19 Oct What Tattoo Artists wish you knew about White Tattoos
Many believe that white tattoos are actually white, as in this picture. That’s why I thought I’d explain a little about how white tattoos actually work and what to expect when you get a tattoo made with white ink in your skin. For this picture is not a real white tattoo but a temporary white tattoo, like a sticker that gets washed off.
Ink under skin
I can not say this often enough, where the ink actually sets in the skin. Here I will explain with a few illustrative images:
When you get tattooed, the needle inserts ink throughout the area from the surface, the Epidermis, and down to the middle skin layer, the Dermis. Thus a fresh tattoo is very fresh and colorful, crisp and clear. But then the skin heals over the tattoo and the ink “sinks” down to the Dermis and disappears from the surface. Thus, your own skin and your own pigments will lie over the ink, on top of the tattoo itself, and make it less clear and powerful in color.
As you can see on the white tattoo in the picture below, you see that the white ink no longer looks white after a few months. It’s more your own skin color, but with a slightly brighter tone, and with a little yellow tone.
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White is more visible if you use it next to other colors, as they will help each other become more visible. That is what we call a contrast. When opposites make each other more visible.
Here the tattoo artist has used white as an effect on top of the black, to create a more exciting pattern. It looks very white when it’s brand new, while in the picture it’s germinated, and thus less visible.
But I think it’s still a nice and exciting effect, and much more exciting than completely black. You can also repeat this process several times to get an even whiter effect, but remember that it will never turn out to be completely white.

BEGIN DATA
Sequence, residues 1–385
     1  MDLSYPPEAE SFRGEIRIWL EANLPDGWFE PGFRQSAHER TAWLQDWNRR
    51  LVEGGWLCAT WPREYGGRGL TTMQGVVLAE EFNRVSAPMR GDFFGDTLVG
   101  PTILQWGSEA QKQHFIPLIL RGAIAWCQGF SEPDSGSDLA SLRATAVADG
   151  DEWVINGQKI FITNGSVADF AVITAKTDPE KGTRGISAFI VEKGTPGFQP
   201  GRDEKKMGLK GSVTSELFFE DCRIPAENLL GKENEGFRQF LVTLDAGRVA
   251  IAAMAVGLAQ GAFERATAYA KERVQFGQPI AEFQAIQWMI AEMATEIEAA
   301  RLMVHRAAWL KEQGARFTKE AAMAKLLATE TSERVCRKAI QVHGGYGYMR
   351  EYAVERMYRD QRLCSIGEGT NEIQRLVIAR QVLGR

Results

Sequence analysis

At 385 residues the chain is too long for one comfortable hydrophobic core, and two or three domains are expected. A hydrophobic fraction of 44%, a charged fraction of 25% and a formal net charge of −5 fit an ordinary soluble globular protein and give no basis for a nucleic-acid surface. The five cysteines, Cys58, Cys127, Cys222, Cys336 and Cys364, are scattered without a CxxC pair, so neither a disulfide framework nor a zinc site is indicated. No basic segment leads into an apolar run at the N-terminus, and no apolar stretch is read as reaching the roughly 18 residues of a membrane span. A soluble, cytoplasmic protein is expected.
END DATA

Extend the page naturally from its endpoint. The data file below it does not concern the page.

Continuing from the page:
Next to black, white will look very white, as it becomes a visual contrast, called the complimentary contrast.
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A Complementary Contrast is when you put two opposite colors next to each other. They will then emphasize each other and make each other seem stronger. Opposite colors are, for example, yellow and purple, green and red, or orange and blue, and all of the mixes in between. They are simply on opposite sides of the color circle. Black and white are not in the circle, but it goes without saying that black and white are opposites, and thus also a contrast.
Look at the clock image below. Keep your eyes on the + in the middle until you see what happens to the void moving. It is no longer a void, but a color. Which? Well, the complementary color of pink (which is light red), namely green.
It is also because of this complementary effect that old black tattoos look blue. Why do you think so? Well, because if you would put your own skin tone into the circle of colors, what color is the closest? Most likely in the area of orange. And what is the contrast to orange? Yes, it’s blue. The eye fools you to see what you see. Tattoo ink does not change colors, there is no possibility for this.
Effect and Detail
Tattooing white, in my opinion, works best as an effect in a larger subject. Then you don’t need a lot of white ink either before it gets a white effect. Here are a couple of examples where I have used white as an important effect in the motive:
If you still want to get a completely white tattoo, I think you should do it. But just keep in mind that it will never stay bright white, but a slightly lighter tone than your own complexion. If you have very light skin, it will most likely not show at all.
Do you have a white tattoo? Comment below!
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